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Many of you will remember this young lady. Tanqueray caused quite a stir a few months ago when she dropped some truth bombs on us, while wearing a hand-beaded faux mink coat that she made herself. What you don’t know is what happened afterward. Tanqueray—whose real name is Stephanie—sat for a series of twenty interviews with me, during which time I transcribed her entire life story. And whoa boy, what a story. Stephanie is a born performer, so we were initially going to make a podcast out of it. But unfortunate circumstances have required a change in plans. Stephanie’s health has taken a bad turn, and she’s in a really tough spot. So I’m going to tell her story right here, right now. It’s the most ambitious storytelling I’ve ever attempted on the blog. It will unfold over the course of 32 posts. But if there’s anyone who can hold an audience for an entire week—it’s Tanqueray. As her story is shared, we will be raising money to ensure that Stephanie can live the rest of her life in comfort and dignity. Stephanie has a lot of urgent needs, so her care will be expensive. But her story is priceless. If the series adds any value to your life over the next seven days, please consider making a contribution to our fundraiser through the link in bio. ‘Tattletales From Tanqueray’ will begin tomorrow.

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So every day another bit of her story is being shared on his account.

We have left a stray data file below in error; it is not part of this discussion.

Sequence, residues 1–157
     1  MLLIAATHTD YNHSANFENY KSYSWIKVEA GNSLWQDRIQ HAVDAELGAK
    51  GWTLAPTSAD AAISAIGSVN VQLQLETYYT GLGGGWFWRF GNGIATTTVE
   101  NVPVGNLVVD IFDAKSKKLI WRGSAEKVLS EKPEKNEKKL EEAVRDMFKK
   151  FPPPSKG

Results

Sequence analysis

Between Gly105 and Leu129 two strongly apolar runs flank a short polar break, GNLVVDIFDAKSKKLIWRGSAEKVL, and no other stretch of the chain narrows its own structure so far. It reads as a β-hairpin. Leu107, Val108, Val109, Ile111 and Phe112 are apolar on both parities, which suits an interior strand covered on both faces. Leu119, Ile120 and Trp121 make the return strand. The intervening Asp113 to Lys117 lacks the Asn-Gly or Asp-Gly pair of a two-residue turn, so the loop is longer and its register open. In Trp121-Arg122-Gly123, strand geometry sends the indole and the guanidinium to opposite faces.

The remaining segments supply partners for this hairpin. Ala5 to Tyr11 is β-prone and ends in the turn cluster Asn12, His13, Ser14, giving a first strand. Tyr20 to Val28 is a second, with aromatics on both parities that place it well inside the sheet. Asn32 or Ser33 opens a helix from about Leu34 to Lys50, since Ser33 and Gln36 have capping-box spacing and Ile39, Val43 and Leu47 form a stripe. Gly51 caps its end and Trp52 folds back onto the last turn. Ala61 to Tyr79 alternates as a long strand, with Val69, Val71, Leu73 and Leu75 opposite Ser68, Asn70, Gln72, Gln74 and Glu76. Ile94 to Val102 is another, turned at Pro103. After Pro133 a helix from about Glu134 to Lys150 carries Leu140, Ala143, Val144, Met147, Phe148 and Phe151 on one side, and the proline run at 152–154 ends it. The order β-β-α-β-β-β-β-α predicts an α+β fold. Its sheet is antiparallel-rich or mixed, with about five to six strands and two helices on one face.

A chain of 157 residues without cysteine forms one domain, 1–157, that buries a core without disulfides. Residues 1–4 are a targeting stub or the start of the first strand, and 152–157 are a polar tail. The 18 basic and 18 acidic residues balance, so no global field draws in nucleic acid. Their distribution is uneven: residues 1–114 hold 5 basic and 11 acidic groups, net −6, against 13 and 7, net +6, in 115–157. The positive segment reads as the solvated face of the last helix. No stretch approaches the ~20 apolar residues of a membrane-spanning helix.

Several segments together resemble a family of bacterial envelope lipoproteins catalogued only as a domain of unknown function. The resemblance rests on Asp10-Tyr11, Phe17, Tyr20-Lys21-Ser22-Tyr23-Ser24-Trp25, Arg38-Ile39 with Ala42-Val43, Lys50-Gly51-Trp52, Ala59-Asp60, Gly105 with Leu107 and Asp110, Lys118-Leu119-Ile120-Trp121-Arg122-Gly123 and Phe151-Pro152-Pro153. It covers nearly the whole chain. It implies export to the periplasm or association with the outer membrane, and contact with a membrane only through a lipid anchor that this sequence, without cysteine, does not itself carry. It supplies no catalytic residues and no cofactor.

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(1/32) “Tanqueray, Tanqueray, Tanqueray. When this photo was taken, ten thousand men in New York City knew that name. My signature meant something to them. They’d line up around the block whenever I was dancing in Times Square, just so I could sign the cover of their nudie magazine. I’d always write: ‘You were the best I ever had.’ Or some stupid shit like that. Something to make them smile for a second. Something to make them feel like they’d gotten to know me. Then they’d pay their twenty bucks, and go sit in the dark, and wait for the show to start. They’d roll that magazine up tight and think about their wives, or their work, or some of their other problems. And they’d wait for the lights to come up. Wait for Tanqueray to step out on stage and take it all away for eighteen minutes. Eighteen minutes. That’s how long you’ve got to hold ‘em. For eighteen minutes you’ve got to make them forget that they’re getting older. And that they aren’t where they want to be in life. And that it’s probably too late to do much about it. It’s only eighteen minutes. Not long at all. But there’s a way to make it seem like forever. I always danced to the blues. Cause it’s funky and you don’t have to move fast. You can really zero in on a guy. So that it seems like you’re dancing just for him. You look him right in the eyes. Smile at him. Wink. Put a finger in your mouth and lick it a little bit. Make sure you wear plenty of lip gloss so your lips are very, very shiny. If you’re doing it right, you can make him think: ‘Wow, she’s dancing just for me.’ You can make him think he’s doing something to your insides. You can make him fall in love. Then when the music stops, you step off the stage, and beat it back to the dressing room.”